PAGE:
Mechanism of Action: Vidarabine is used against herpes simplex virus infections. Emerging research suggests a potential link between viral infections and psychiatric conditions like BD.

Potential in Treating BD: If a viral link to BD is established, vidarabine could play a role in treatment by addressing the underlying infection-related triggers of the disorder.


Mechanism of Action: As an antioxidant and anti-inflammatory agent, kaempferol can combat oxidative stress and inflammation, factors that may contribute to the pathology of BD.

Potential in Treating BD: Its neuroprotective properties could help in mitigating mood swings and improving overall brain health in BD.


Mechanism of Action: This histamine receptor antagonist could influence brain histamine levels, affecting mood and alertness.

Potential in Treating BD: Emedastine might provide mood stabilization by modulating histaminergic neurotransmission, potentially beneficial in both manic and depressive phases.


Mechanism of Action: Targeting the translocator protein (TSPO), PK-11195 is involved in modulating mitochondrial function and cellular stress response.

Potential in Treating BD: Given the role of mitochondrial dysfunction and stress response in BD, PK-11195 could help in stabilizing mood and improving energy levels.


Mechanism of Action: As a local anesthetic, pramocaine decreases neuronal excitability. Neuronal excitability is a factor in mood disorders, including BD.

Potential in Treating BD: Pramocaine might help in stabilizing mood by reducing overactivity in certain brain regions implicated in BD.

Each of these candidates presents a unique mechanism that could be leveraged in the treatment of BD.

Their effectiveness, tolerability, and potential side effects in the context of BD would need thorough investigation in clinical trials to ascertain their role in managing this complex psychiatric disorder.

Which are the most promising drug candidates for repuposing in bipolar (from study)? (Ideas)

Among the identified drug repurposing candidates for Bipolar Disorder (BD), several stand out as particularly promising based on their tolerability, side effect profiles, and mechanisms of action.


Kaempferol is a natural flavonoid with antioxidant and anti-inflammatory properties. It’s known to improve neuroplasticity and enhance brain function, which could be crucial in treating BD-related mood swings.

Tolerability & Side Effects: Being a natural compound, kaempferol generally shows high tolerability and a low side-effect profile. Its use in BD could offer a safer alternative to traditional mood stabilizers, which often come with significant side effects.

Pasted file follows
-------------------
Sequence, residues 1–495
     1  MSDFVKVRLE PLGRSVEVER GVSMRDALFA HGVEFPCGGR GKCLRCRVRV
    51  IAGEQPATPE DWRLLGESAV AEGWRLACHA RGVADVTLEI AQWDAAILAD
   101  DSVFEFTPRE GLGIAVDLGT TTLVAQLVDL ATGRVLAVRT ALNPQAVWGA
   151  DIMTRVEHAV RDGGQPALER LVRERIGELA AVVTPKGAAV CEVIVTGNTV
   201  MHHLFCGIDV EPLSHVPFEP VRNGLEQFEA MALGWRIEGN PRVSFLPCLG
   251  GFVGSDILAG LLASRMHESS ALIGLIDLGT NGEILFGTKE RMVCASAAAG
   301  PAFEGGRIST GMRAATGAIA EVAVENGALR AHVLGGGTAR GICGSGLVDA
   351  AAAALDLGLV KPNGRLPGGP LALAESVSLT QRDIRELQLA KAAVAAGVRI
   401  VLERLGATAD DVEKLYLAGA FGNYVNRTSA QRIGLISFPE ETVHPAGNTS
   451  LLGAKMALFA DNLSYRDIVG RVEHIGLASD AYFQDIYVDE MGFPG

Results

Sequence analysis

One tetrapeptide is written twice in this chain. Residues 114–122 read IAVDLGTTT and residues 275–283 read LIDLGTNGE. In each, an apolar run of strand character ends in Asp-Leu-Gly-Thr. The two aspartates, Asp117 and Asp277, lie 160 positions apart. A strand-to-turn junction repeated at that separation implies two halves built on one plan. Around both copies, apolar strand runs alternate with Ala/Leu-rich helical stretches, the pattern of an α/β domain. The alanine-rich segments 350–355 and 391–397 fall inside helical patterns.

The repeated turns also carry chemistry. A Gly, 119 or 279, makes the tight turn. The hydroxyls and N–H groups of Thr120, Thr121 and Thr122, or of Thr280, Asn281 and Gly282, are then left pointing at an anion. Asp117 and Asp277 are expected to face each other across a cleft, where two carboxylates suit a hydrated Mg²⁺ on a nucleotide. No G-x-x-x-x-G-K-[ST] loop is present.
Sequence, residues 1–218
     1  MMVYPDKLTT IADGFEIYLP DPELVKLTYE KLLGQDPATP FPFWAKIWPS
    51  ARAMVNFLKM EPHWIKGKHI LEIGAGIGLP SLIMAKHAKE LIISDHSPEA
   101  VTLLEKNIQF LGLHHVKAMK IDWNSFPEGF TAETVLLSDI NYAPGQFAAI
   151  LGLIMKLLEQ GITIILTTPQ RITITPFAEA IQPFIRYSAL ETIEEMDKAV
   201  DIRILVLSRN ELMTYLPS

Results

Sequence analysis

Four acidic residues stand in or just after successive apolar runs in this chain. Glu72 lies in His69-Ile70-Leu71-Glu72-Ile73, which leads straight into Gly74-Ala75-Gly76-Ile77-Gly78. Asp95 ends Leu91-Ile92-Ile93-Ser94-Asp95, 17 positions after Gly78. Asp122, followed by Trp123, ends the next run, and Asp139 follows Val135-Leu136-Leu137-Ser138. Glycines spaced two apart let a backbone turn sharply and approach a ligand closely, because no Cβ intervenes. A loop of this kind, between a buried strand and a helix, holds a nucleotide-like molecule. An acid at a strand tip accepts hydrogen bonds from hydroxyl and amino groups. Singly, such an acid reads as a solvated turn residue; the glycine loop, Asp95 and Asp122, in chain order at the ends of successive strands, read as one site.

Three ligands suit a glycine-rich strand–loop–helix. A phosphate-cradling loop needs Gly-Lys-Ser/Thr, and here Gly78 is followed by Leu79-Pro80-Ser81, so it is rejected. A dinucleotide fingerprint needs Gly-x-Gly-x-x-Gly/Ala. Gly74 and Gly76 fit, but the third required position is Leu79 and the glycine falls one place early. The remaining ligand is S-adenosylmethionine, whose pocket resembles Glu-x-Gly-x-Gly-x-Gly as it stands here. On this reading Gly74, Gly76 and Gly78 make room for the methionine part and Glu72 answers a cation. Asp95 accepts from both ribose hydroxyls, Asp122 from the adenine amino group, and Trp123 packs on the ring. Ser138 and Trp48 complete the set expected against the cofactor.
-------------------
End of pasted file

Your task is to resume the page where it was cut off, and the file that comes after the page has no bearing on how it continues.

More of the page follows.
As a local anesthetic, pramocaine modulates neuronal excitability. This mechanism can be beneficial in stabilizing mood fluctuations inherent in BD.

Tolerability & Side Effects: Pramocaine is typically well-tolerated when used topically. Its potential use in BD, likely at lower systemic concentrations, could present minimal side effects, making it a safe option for long-term management.


Glutamine plays a key role in neurotransmitter synthesis, which can impact mood regulation. Its influence on the glutamate and GABA pathways is particularly relevant to BD, where neurotransmitter imbalance is a key issue.

Tolerability & Side Effects: As an amino acid that’s naturally present in the body, glutamine is generally well-tolerated and safe, even at higher doses. This profile makes it an appealing candidate for BD treatment, potentially minimizing the risk of adverse effects.


Emedastine, a histamine receptor antagonist, may influence neurotransmitter pathways crucial in BD. Antihistamines can have a calming effect on the brain, which may help in mood stabilization.

Tolerability & Side Effects: Generally used as an antiallergic medication, emedastine has a well-established safety profile. The potential central nervous system effects could be leveraged for BD without significant risk of severe side effects.


This PARP inhibitor might offer neuroprotective benefits by reducing inflammation and oxidative stress, factors implicated in the pathophysiology of BD.

Tolerability & Side Effects: Originally developed for cancer treatment, iniparib’s tolerability in BD would need careful evaluation. However, its potential for neuroprotection makes it a candidate worth exploring, especially if lower doses are effective and well-tolerated.

Takeaway: Drug Repurposing for Bipolar Disorder via Gene Analysis

The study on network-based drug repurposing presents a pioneering approach in the search for new treatments for Bipolar Disorder (BD), addressing the critical need for more effective and personalized therapies.

By leveraging gene regulatory network analysis, it identifies potential drugs with previously unexplored applications in BD, showcasing the power of computational techniques in psychiatric research.

The identified candidates, ranging from natural compounds to repurposed pharmaceuticals, open new avenues for managing BD, each with unique mechanisms that could target the disorder’s complex pathophysiology.

This approach not only accelerates the drug development process but also promises cost-effective and potentially safer treatment options.

Furthermore, it underscores the importance of continued research and innovation in the field of mental health, especially in disorders as multifaceted as BD.

Ultimately, this study represents a significant step towards transforming the treatment landscape for BD, offering hope for improved outcomes and quality of life for those affected by this challenging condition.